Author Spotlight

Author Spotlight: Jeffrey Ford

I think what it was that helped me come up with this story was the idea that there is so much going on around us that we miss—not so much the size difference, as it is here—the ant we unknowingly crush, etc., although that’s part of it, but just the other cultures and signs and matrices of knowledge that, because we are unaware, they remain invisible to us. We live in a world of worlds, but we rarely see beyond where our own begins and ends.

Science Fiction

Lifeline

The day I meet my Lifeline is hot and dry, even for New Dakar. Dust chokes the air and filters the red sun to a washed-out orange that slathers its paint onto the road and the walls. I forsake the balcony in favor of a wall at my back. What little I have, I have it because I make that my rule. I see everything coming, and I leave myself nowhere to run. I don’t anticipate running, but I’ve known people whose Lifelines turned out to be sociopaths. Or just everyday enemies.

Author Spotlight

Author Spotlight: Jonathan Olfert

I believe we’re defined by how much we consider the needs of those below us—our employees, our children, our obstacles. Selfishness is a matter of forethought. As a missionary in the best and worst parts of California, I spent a lot of time around people of widely different social classes. Most people treat food as a right, whether they’re talking about tilapia or a can of off-brand tuna—and the closer they get to the tilapia end of the spectrum, the more they feel they deserve it. When I do that, I’m ashamed; when I see other people do it, I’m furious.

Nonfiction

Interview: Cory Doctorow

Pirate Cinema was inspired by a legislative event in the United Kingdom, where I live. In 2009, they introduced legislation called the Digital Economy Act, which includes something called “three strikes,” which says that if you’re accused—without proof—of three acts of copyright infringement, you and your family get disconnected from the internet.

Fantasy

Purity Test

My feet are scraped and bleeding, my slippers shredded and almost useless. The dress hangs in tatters around me. No longer white, it still bears the pearls along the bodice, and I hope I can keep them close and sell them in whatever town I find myself in. Provided I find a town. Provided I ever leave these woods. I have traveled for two days, surviving on puddle water and berries, hoping that the sounds I hear behind me aren’t my father, Roland, and the dogs.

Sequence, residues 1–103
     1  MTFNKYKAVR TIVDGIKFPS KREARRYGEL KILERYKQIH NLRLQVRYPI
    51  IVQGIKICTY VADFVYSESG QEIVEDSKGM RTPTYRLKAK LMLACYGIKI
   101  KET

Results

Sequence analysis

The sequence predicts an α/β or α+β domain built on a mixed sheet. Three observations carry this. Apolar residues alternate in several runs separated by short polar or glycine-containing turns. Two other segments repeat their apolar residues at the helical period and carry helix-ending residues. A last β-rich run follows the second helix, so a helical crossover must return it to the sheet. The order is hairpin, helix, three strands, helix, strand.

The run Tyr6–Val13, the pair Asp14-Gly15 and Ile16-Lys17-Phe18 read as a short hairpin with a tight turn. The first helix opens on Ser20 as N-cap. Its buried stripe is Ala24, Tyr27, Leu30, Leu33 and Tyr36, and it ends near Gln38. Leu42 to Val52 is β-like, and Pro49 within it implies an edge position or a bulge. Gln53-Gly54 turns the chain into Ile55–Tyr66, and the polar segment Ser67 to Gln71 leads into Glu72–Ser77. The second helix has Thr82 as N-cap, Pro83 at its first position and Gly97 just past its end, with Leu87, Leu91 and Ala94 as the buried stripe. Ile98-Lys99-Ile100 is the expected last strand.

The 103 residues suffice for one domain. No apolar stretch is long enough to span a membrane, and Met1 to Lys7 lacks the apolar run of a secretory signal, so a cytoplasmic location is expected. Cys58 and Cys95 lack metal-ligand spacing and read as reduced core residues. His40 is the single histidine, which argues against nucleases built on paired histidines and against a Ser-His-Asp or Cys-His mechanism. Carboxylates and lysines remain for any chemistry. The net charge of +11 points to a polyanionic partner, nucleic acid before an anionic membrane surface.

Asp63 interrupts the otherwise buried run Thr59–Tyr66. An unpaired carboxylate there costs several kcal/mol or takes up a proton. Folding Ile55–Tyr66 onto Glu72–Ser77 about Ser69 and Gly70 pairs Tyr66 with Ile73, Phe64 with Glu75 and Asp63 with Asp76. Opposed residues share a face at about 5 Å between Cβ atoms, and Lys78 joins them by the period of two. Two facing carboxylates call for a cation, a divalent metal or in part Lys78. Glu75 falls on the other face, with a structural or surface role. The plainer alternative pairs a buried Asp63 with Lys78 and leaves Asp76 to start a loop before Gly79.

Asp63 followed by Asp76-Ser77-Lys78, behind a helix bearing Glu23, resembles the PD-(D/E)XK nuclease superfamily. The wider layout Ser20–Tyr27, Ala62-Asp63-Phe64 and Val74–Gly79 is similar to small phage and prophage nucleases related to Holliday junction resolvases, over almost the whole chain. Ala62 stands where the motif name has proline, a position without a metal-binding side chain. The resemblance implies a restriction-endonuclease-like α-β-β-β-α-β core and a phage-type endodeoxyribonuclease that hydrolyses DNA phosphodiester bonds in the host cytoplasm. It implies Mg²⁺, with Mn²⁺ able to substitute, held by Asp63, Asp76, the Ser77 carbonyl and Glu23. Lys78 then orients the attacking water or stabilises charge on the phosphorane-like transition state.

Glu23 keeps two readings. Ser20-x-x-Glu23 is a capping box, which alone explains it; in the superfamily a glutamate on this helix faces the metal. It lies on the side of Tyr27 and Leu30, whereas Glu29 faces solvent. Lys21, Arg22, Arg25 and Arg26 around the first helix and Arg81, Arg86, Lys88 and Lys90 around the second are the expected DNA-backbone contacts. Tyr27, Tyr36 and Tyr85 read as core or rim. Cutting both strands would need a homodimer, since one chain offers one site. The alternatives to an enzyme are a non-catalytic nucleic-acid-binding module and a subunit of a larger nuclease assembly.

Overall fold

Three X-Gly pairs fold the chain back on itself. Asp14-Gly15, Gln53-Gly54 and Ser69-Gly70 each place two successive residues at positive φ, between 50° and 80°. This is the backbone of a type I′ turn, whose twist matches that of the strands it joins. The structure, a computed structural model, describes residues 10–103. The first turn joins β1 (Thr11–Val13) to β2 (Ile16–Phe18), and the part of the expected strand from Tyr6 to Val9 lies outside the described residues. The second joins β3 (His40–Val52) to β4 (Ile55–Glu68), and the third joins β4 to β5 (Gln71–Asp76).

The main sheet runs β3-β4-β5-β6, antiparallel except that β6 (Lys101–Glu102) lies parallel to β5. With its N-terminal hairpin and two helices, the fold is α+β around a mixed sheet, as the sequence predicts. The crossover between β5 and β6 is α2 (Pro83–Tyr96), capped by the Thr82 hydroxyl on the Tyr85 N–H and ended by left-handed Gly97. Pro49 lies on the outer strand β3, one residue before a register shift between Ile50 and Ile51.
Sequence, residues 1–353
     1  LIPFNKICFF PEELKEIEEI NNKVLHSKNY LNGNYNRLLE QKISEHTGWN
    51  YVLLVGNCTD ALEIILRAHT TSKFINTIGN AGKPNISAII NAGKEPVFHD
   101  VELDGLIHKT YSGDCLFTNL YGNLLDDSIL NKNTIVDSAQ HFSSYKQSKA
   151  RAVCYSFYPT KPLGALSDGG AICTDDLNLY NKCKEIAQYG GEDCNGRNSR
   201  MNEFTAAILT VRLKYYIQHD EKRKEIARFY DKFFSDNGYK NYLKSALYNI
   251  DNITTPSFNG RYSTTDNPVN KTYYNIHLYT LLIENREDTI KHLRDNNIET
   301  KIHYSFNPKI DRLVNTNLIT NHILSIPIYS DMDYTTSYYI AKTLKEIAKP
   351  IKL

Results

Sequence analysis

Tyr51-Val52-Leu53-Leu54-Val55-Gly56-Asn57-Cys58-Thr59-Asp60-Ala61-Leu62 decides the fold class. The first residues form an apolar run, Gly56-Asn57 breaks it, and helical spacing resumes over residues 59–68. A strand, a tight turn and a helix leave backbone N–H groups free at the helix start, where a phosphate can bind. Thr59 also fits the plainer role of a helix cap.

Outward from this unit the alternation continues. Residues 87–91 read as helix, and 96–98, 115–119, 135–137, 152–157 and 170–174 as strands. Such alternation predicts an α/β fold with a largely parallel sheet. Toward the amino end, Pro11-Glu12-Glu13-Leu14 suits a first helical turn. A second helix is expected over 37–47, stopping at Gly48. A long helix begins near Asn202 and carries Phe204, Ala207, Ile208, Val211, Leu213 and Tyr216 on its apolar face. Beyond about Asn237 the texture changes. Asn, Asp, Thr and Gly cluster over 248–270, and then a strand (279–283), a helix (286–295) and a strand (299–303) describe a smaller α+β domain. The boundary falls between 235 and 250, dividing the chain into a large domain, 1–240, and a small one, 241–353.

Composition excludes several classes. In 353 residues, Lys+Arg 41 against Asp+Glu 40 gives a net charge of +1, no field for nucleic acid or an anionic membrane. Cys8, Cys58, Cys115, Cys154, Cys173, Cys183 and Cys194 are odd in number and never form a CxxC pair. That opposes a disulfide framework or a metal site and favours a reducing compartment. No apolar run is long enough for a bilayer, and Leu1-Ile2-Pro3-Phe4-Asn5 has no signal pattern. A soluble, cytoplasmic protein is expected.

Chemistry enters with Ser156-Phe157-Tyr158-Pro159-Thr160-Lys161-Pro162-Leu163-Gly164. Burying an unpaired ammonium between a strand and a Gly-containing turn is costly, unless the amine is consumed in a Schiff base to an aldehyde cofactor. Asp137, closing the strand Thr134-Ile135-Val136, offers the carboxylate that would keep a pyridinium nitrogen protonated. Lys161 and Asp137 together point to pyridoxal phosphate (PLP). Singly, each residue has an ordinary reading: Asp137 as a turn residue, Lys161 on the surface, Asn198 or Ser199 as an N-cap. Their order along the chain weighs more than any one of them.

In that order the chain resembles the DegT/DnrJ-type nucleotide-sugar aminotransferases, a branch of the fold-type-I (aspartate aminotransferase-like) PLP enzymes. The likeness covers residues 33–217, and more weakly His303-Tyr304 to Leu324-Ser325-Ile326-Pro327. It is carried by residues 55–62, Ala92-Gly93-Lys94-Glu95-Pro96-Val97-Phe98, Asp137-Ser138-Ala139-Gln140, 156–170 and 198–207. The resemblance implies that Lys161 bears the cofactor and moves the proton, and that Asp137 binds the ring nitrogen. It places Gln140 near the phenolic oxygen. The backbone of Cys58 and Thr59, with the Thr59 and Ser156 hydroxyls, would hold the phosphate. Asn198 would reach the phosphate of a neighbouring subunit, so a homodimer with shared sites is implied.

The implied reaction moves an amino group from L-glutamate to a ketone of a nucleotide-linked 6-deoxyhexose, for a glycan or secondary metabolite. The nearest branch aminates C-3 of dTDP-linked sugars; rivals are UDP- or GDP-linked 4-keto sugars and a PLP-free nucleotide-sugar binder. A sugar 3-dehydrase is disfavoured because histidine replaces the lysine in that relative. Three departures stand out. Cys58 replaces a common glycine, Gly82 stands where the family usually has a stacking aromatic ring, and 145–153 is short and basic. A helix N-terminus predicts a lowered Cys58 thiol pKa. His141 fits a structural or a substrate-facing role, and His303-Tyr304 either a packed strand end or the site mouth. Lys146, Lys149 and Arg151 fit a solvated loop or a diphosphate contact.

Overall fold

Author Spotlight

Author Spotlight: Kristine Kathryn Rusch

When I think about unicorns, I think about girls and horses. (Girls love horses.) Then I moved to the whole idea that a unicorn can identify a pure or virginal woman. Which led me to the idea that cultures throughout history and currently seem to be obsessed with sexually innocent women, often at the expense of those women. Whenever I think about things like that, I get a little angry.

Science Fiction

Child-Empress of Mars

In the month of Ind, when the flowers of the Jindal trees were in blossom and just beginning to scatter their petals on the ground like crimson rain, a messenger came to the court of the Child-Empress. He announced that a Hero had awakened in the valley of Jar.

Author Spotlight

Author Spotlight: Theodora Goss

The idea really started with thinking about the “of Mars” books and what they would actually look like from a Martian perspective. After reading Ray Bradbury’s Martian Chronicles, it’s hard to take the Edgar Rice Burroughs novels seriously, although they’re still fun to read. But I thought about what would happen if those sorts of adventures, the human being on Mars adventures, were staged, were performance.

Nonfiction

Interview: Daniel Handler (a/k/a Lemony Snicket)

I was in my early twenties, and a friend of mine made me some Lemony Snicket business cards for my birthday, and I used to give them out at bars, and I used to write long, rambling letters to the editors of newspapers and sign them “Lemony Snicket.” And so then years later when I started writing for children, it occurred to me that it would be fun to write them and publish them under the name of the narrator rather than the name of the author. And then I had this name lying around gathering dust.